Best Books for Girls

These are the books my 11-year-old daughter has told me every girl should read. The words here are hers (except where my initials appear in an editorial aside).

All-of-a-Kind Family by Sydney Taylor
This delightful and heart-warming tale of five Jewish girls growing up in the Lower East Side of New York City in the early 20th century is a narrative of the simple yet exciting life of five sisters: Ella, Henny, Sara, Charlotte, and Gertie. In vivid prose, Sydney Taylor brings to life the Jewish festivals, holidays, and traditions that shape the girls’ home life. With a slight mystery and a big surprise, this book will captivate readers young and old alike. There are four sequels, and all are equally good.

The Rise and Fall of Mount Majestic by Jennifer Trafton
This delightfully humorous book about 10-year-old Persimmony Smudge draws you into the fantastical world of The Island at the Center of Everything. Will Persimmony be able to stop the Leaf-eaters before it’s too late? Will Worvil the Worrier be able to overcome his fear and stop the raucous Rumblebumps from awakening the giant in their midst? Jennifer Trafton brings to life this world of poison-tongued jumping tortoises, Leaf-eaters, and the spoiled monarch King Lucas the Lofty. This was my favorite book when I was 7, and I still like it!

Betsy-Tacy by Maud Hart Lovelace
This wonderful book about two girls becoming the best of friends is possibly my favorite. Betsy and Tacy go together “uphill and downhill, to school and from school, in and out of play.” Lovelace draws you into the small town of Deep Valley, Minnesota, where there are plenty of things for two young girls looking for fun to do. I’ve read this book, and its first three sequels, cover to cover at least a dozen times. I love the way Lovelace writes her characters and brings them to life. This is a must-read for girls of all ages.  KCI: There are ten Betsy-Tacy books, but the first four are the best. (At this point my daughter chimes in and says, “They really are.”) For girls ages 10 and under, stick with those first four books: Betsy-Tacy; Betsy, Tacy, and Tib; Betsy and Tacy Go Over the Big Hill; and Betsy and Tacy Go Downtown. The rest of the books are good, too, but for older readers, aged 11 or 12 and up.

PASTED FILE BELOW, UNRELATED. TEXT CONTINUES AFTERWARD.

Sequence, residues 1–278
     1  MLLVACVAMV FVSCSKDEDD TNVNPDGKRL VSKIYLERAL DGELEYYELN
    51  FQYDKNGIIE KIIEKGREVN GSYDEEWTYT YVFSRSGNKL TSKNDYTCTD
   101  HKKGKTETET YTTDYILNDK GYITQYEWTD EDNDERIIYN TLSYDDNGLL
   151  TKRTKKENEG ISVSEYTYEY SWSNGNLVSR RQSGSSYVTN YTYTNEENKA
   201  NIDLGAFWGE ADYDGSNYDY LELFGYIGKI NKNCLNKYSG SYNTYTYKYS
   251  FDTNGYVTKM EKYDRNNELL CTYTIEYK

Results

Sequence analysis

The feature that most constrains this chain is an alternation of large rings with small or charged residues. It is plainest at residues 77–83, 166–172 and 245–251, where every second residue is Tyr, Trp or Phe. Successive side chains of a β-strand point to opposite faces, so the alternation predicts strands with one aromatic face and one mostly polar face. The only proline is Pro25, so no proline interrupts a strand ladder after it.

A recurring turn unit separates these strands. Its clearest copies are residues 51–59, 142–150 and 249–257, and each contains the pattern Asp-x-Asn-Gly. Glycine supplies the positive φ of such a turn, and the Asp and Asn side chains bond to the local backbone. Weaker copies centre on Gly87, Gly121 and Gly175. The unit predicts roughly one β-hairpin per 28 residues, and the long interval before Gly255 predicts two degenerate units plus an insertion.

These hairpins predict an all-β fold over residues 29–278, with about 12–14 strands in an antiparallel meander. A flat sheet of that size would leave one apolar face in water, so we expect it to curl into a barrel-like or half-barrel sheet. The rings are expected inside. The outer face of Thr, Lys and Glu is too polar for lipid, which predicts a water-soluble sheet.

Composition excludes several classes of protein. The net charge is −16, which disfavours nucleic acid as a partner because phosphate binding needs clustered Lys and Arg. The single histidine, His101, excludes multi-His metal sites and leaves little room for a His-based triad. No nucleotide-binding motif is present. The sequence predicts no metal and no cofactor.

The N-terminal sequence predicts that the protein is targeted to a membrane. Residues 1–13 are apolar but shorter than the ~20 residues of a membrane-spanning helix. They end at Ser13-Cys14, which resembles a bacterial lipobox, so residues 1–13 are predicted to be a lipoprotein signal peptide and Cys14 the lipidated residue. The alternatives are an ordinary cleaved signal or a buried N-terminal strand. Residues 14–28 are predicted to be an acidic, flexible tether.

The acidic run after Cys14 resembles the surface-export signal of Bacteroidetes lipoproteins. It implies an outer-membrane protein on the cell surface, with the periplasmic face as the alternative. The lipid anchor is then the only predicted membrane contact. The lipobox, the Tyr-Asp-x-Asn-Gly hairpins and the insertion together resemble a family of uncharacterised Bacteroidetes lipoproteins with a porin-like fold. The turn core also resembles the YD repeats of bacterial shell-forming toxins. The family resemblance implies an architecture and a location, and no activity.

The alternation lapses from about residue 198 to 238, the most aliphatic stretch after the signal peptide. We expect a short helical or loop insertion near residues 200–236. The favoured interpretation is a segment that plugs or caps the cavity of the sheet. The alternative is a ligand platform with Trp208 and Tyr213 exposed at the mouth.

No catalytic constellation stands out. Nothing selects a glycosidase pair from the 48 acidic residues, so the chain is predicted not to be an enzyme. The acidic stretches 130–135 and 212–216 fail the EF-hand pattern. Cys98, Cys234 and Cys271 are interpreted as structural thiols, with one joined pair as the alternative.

Pride and Prejudice by Jane Austen
Pride and Prejudice, I will admit, is a difficult book to read. I highly recommend it but suggest that you only try to tackle this book if you are an avid reader or if the book has been read to you already, preferably both. This engaging story is the perfect combination of romance, comedy, and wit. A wonderful book with emotions so vivid and characters so tangible that Elizabeth and her sisters come to life through the words on the page. Mr. Darcy, a rich man of high class, must put down his arrogant pride in order to get what he wishes. In turn, Elizabeth will have to overcome her unjust prejudice against him. Even as you watch both of them transform, Austen keeps up the witty dialogue and descriptions. Every girl should read this book!

Anne of Green Gables by L.M. Montgomery
This book and its sequels about orphaned Anne Shirley are sweet, whimsical, and delightful. When Matthew and Marilla Cuthbert send for a boy to help out on their farm, their relatives make a mistake. Instead of a strong, sturdy boy, a thin, young, red-headed girl arrives at the train station. At first they waver in indecision about whether to keep her or not. But as Anne stays on, it becomes harder and harder to imagine life at Green Gables without her. Watch Anne grow up with quite a few mishaps and much laughter and love, as she and her bosom friend Diana get into all kinds of hilarious scrapes. Anne’s quiet transformation as she slowly loosens her grudge against Gilbert Blythe is lovely. L.M. Montgomery weaves a tale of delight, full of girlish hopes and dreams. A must-read for every girl. KCI: The first five books in the series follow Anne from her arrival at Green Gables through her first two years of marriage. From book six on, the series turns its focus primarily to her children.

The Little White Horse by Elizabeth Goudge
This is a lovely novel, filled with mystery, romance, and the importance of getting along. When Maria, a girl from London, moves to her elderly cousin Sir Benjamin’s estate, Moonacre Manor, she immediately feels at home. Sir Benjamin is kind and jovial, but beneath his kindness an underlying sadness is ever-present. A tragedy that took place at the Manor many years ago haunts him. Maria is determined to find out what happened–and discovers she has the power to change it. Goudge is a masterful writer and weaves a story so vivid that it’s hard to believe you’re not in the world of Moonacre. A wonderful book!

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